In this episode of Frontiers, we look at the birth of Gov. Mike Dunleavy’s administration – his first hours as governor, spent above the Arctic Circle in Kotzebue and Noorvik. 

Originally, Dunleavy planned to fly to Kotzebue, then travel to Noorvik by snow machine -- to be sworn-in at noon, December 3rd, the first Monday in December – satisfying the Alaska Constitution’s requirements for a the start of a governor’s term – and also making history by taking the oath of office in an unprecedented location. 

But the magnitude 7 earthquake, which rocked Southcentral Alaska changed those plans. This week’s show follows all the twists and turns in what still turned out to be a historic inauguration. Here are the highlights.

  • A day of surprises: KTVA’s Liz Raines follows how two communities – Kotzebue and Noorvik – adapted to a day of many changes.  
  • Two veteran Alaska Native journalists, Nellie Moore and Joaqlin Estus, weigh in on this question: what kind of message had the Dunleavy administration hoped to send to rural Alaskans with his north-of-the-Arctic Circle swearing-in ceremony? 
  • Leadership and learning: just after the election, Frontiers sat down with the governor-elect to talk about a number of issues, including his vision for Alaska schools and his concern about some of the lowest student test scores in the nation. Alaska NEA President Tim Parker and Sen. Bill Wielechowski also react.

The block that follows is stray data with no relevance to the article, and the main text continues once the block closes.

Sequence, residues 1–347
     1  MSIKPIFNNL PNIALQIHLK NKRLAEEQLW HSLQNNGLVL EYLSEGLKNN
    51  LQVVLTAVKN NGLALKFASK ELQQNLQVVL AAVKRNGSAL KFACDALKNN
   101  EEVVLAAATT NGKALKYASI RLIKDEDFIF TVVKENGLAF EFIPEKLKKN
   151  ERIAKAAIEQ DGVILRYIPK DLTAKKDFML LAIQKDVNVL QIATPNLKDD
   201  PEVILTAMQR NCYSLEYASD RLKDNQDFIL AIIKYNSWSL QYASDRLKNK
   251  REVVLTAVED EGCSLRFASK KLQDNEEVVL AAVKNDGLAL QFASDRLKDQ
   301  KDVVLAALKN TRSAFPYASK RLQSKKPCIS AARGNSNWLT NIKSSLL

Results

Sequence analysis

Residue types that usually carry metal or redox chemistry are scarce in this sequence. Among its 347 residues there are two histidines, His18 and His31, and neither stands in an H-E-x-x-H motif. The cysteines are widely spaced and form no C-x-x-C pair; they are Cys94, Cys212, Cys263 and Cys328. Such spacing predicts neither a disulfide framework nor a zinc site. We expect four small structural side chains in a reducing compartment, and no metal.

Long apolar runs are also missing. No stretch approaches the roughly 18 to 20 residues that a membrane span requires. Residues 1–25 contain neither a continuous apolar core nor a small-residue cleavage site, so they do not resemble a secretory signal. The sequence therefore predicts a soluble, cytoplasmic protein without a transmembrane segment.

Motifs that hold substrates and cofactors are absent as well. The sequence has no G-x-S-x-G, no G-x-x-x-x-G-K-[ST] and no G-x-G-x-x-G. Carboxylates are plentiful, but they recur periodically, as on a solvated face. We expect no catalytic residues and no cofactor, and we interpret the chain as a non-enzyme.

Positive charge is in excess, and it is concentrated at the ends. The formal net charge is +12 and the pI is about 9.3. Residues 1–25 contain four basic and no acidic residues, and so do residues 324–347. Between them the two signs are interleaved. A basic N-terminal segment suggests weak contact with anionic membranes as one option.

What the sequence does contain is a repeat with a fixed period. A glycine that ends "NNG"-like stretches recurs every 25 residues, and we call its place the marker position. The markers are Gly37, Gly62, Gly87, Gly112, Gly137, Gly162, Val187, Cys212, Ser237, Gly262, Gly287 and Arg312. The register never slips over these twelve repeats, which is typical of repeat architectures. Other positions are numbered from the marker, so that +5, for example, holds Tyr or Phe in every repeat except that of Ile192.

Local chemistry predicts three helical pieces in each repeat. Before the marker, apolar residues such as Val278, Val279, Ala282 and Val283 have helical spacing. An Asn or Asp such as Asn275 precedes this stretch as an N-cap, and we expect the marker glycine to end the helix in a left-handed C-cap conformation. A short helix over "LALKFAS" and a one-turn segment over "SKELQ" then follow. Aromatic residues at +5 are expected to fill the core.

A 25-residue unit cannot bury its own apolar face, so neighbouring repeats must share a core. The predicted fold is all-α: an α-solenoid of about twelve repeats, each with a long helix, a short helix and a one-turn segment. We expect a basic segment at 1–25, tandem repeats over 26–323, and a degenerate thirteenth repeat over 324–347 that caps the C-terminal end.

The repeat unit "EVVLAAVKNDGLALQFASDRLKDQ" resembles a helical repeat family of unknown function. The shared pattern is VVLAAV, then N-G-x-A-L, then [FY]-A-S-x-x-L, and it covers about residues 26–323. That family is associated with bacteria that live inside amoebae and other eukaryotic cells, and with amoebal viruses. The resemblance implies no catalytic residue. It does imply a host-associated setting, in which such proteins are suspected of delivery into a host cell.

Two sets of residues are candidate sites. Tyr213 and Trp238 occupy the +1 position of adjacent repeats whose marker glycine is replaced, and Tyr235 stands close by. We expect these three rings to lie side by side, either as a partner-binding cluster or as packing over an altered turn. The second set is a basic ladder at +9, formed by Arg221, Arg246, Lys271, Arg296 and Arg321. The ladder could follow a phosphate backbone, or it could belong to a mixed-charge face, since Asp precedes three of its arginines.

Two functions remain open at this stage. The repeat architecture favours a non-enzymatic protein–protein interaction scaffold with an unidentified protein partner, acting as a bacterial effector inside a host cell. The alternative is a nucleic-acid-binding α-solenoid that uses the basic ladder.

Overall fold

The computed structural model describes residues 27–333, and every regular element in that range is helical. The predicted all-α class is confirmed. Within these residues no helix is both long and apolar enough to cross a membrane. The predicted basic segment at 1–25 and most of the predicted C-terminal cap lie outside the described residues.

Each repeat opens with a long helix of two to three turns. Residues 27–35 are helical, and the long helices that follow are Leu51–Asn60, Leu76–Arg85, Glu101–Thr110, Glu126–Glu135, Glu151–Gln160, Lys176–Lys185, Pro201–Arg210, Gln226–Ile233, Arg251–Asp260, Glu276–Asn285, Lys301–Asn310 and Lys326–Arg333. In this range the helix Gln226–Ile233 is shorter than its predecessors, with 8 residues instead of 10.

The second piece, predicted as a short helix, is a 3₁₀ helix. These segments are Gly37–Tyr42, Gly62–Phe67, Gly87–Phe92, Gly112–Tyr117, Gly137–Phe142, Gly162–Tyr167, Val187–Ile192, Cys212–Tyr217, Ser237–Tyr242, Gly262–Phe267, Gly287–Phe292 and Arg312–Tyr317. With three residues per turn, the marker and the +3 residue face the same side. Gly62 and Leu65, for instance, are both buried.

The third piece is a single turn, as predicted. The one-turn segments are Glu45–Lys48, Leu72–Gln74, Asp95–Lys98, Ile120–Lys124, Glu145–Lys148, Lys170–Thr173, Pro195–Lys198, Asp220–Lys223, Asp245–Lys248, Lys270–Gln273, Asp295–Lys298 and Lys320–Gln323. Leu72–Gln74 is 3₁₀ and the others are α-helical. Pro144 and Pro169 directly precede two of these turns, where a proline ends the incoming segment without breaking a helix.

Our plan was for this program to air on KTVA-Channel 11 on Sun. Dec. 16th, but our production schedule was disrupted by an unexpected development – the discovery of new damage from the Nov. 30 earthquake, which has put our production of Frontiers on hold. 

Stay tuned for more developments, as we get situated in our temporary home for KTVA and our news department gets back to its regular routine. Thank you for your patience. It’s sure a new frontiers for Alaska broadcasting.   

Special thanks to Irene Rowan for letting us use her dining room to record our interview with Nellie Moore and Joaqlin Estus. Irene is one of the founders of the Alaska Native Media Group and is involved in many good causes.  

Due to earthquake damage, we were unable to have guests in our KTVA studio, so Irene graciously let us use her home, where we felt so comfortable and cozy -- can you tell from the interview? 

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